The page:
Silence met her query. She closed the distance between the entry and the shadowed spot where she’d left the shopkeeper.
She was alone.
There was no sign of the injured man. Had he recovered enough strength to walk? Could the Scot have moved the unconscious man so quickly?
She glanced around the space. No sign of the so-called physician. Nor the shopkeeper.
Sunlight trickled into the rear of the shop. The door was slightly ajar. How very odd.
Had the Scotsman left?
A faint alarm sounded in her thoughts. There had to be a reasonable explanation for what was happening. Still, the hair prickled at the base of her neck.
With a surly note of protest, the back door creaked open. The Scot strode inside. “I thought I told ye to stay outside.”
Something in his imperious tone chafed. She hiked her chin. “As I am not in Her Majesty’s Army, and you have no authority over me, I did not take the words as a command.”
“Ye dinnae say?” He frowned at her. “I’ve better use for my time than searching for an injured man who’s well enough to leave this place of his own accord. Why don’t ye tell me what ye’re up to?”
She stifled a gasp. “What I’m up to? What are you implying?”
“Thieves often employ a beautiful lass in their schemes. Do ye have an accomplice lurking about, hoping to part me from my coin?”
“How dare you.”
He shrugged. “You would not be the first woman used as a lure…nor the last.”
“I assure you I am not a lure.” She glanced toward the door. “Where were you?”
“I heard a noise behind the shop—if ye’re telling me the truth of what ye saw, the injured man made his escape while ye sought help.”
“That’s impossible. I know what I saw. He was weak. Barely able to speak.”
His brows hiked. “The old man was awake?”
“At first. Before I left him, he slipped into unconsciousness. I feared…I feared he was beyond help.” With the Scot shadowing her every step, Evelyn marched to the counter. Staring down at the wooden planks, she shook her head to clear the haze of confusion. “Perhaps…he found the strength to crawl away.”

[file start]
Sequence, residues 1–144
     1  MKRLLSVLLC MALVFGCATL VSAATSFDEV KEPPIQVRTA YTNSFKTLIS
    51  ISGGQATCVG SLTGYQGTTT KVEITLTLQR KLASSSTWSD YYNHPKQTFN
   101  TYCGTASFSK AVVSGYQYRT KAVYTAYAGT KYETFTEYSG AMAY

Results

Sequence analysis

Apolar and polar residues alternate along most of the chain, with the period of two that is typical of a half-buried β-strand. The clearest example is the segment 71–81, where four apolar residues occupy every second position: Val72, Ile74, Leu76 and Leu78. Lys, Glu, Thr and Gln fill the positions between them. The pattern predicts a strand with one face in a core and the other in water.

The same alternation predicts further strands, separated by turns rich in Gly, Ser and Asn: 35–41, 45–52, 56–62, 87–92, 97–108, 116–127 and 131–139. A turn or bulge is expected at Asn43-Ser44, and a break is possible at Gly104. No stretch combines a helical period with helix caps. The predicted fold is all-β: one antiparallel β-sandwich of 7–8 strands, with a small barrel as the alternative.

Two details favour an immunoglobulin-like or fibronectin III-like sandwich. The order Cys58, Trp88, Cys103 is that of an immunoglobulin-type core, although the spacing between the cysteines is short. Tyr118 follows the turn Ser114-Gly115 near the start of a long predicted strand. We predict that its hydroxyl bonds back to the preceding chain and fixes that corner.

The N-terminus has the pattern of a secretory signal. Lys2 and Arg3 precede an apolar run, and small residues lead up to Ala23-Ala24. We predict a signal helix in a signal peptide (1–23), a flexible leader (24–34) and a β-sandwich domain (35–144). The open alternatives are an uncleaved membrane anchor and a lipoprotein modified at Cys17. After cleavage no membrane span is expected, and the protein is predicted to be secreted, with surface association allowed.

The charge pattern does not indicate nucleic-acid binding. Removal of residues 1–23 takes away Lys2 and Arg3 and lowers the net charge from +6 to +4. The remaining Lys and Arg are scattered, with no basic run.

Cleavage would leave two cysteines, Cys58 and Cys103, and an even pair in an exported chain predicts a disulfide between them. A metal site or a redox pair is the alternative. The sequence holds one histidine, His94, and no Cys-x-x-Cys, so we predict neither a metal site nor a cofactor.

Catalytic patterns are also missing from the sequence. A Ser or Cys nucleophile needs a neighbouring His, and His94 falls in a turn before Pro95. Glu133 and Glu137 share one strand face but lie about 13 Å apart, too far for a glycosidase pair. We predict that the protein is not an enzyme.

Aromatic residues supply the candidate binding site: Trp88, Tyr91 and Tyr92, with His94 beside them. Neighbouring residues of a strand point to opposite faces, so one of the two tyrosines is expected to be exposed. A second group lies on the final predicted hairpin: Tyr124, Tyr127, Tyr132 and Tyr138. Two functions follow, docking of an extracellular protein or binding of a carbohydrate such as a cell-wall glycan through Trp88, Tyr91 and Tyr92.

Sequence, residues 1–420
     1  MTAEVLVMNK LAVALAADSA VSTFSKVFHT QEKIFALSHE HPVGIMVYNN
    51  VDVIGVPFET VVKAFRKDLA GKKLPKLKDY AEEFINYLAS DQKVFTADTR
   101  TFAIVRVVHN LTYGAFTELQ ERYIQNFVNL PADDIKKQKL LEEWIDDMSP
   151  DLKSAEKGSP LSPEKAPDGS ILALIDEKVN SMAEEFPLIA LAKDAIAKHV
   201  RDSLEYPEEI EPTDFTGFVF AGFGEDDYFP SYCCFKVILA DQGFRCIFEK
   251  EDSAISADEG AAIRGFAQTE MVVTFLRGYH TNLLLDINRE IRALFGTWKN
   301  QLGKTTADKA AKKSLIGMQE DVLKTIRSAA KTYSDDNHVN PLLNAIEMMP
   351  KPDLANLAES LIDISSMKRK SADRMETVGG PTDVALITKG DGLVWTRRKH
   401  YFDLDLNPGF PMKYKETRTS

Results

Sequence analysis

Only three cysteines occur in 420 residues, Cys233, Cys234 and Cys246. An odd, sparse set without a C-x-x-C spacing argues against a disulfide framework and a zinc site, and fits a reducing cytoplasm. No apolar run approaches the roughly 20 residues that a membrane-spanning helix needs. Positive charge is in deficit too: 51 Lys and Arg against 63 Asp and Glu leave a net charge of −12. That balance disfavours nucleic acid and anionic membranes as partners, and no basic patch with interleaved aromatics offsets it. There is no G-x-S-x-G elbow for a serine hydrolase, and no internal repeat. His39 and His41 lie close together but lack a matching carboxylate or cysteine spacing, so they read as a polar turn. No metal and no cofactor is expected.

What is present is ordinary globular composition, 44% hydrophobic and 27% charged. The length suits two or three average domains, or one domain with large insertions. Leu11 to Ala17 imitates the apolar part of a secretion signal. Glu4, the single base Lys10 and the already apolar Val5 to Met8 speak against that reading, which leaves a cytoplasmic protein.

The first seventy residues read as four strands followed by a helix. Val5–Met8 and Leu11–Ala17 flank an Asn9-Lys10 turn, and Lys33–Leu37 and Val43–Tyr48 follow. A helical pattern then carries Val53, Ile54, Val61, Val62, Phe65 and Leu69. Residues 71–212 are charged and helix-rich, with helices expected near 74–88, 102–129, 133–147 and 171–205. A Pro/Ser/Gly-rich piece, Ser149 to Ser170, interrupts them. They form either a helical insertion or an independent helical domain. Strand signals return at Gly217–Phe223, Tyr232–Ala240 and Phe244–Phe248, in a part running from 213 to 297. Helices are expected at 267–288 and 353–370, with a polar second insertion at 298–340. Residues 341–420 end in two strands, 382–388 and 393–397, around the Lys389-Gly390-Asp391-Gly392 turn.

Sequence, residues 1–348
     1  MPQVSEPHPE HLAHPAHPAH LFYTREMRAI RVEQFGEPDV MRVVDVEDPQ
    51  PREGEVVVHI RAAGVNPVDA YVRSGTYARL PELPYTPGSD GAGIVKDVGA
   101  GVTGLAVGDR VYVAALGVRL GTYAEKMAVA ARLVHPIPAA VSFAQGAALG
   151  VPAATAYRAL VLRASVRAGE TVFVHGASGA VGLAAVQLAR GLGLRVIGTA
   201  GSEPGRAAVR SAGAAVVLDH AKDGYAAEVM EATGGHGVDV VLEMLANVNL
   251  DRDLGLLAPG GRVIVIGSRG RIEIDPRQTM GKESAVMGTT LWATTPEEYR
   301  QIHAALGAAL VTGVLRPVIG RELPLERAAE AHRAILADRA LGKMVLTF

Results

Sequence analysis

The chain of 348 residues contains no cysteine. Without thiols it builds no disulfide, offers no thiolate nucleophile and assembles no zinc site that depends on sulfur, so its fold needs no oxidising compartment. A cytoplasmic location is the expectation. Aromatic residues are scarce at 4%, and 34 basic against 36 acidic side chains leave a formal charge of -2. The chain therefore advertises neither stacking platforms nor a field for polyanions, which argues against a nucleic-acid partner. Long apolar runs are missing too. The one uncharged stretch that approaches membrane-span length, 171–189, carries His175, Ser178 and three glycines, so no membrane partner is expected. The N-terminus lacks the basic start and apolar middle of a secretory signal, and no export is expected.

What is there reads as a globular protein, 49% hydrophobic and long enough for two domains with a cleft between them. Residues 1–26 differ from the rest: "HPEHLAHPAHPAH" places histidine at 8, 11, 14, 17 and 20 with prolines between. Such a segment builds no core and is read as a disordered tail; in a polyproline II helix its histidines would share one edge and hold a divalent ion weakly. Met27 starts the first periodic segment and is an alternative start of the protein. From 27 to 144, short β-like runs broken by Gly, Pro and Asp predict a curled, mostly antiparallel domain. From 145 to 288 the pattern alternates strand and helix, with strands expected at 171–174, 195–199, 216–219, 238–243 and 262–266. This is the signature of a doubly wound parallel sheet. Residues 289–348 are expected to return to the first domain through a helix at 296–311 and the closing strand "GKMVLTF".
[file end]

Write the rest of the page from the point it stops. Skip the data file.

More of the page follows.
The Scot raked a hand through his hair, seeming to mull over her words. “More likely, Graham’s gone after the bloke. He’s a tough one.”
“The man I saw was in no condition to offer pursuit.”
“A blow might’ve caught him unaware, set him reeling ’til he could catch his breath.”
She held the Scot’s gaze. It wouldn’t do to become emotional. “I know what I saw. He was not in his right mind. He was on the verge of delirium.”
The Scotsman stilled. “Delirium? What makes you say that?”
“He spoke of dragons…dragon’s eyes, to be precise. Something about—”
Behind her, hinges badly in need of oil groaned. As Evelyn turned to a workroom by the rear entryway, a sturdy door swung open, and a man who might’ve been her father’s age emerged from the darkened space.
“What brings ye in today, MacMasters? I figured I’d be more likely to catch sight of ye in the pub than among my treasures.” The man’s boots thudded against the wooden floorboards. Creases marked his face, but the light in his hazel eyes demonstrated a youthful vigor. Glancing down, he unrolled shirtsleeves he’d hiked to the elbows and fastened the cuffs with gold links. Rather odd that a man of obvious breeding walked about in public without a jacket or cravat.
“The lass here believed ye to be in need of assistance,” the Scot named MacMasters said. “She believes an assailant got to ye.”
“No…that’s not the man.” Evelyn pinned the hazel-eyed man with a stare. “Where is he—the old gent.”
“An old gent? Here?” Confusion clouded Graham’s features. He rubbed his jaw. “I dinnae know who or what ye’re referrin’ to. I’ve had two customers in this shop since noon, a mother and daughter out and about on this fine day. I’ve no recollection of ye spending time in this shop. Ye sure ye’re in the right place?”
She might’ve been less stunned if he’d doused her with icy water. The man was mistaken…or he was lying.
“How can there be any doubt?” Evelyn tapped a finger on a dusty tome. “Is there another establishment along this row filled to bursting with books? I know what I saw. There was an elderly man…lying here…on the floor.”
MacMasters frowned. “The lass rushed out of yer establishment seeking assistance. I spotted her as I left the pub. Have ye been in the backroom for long?”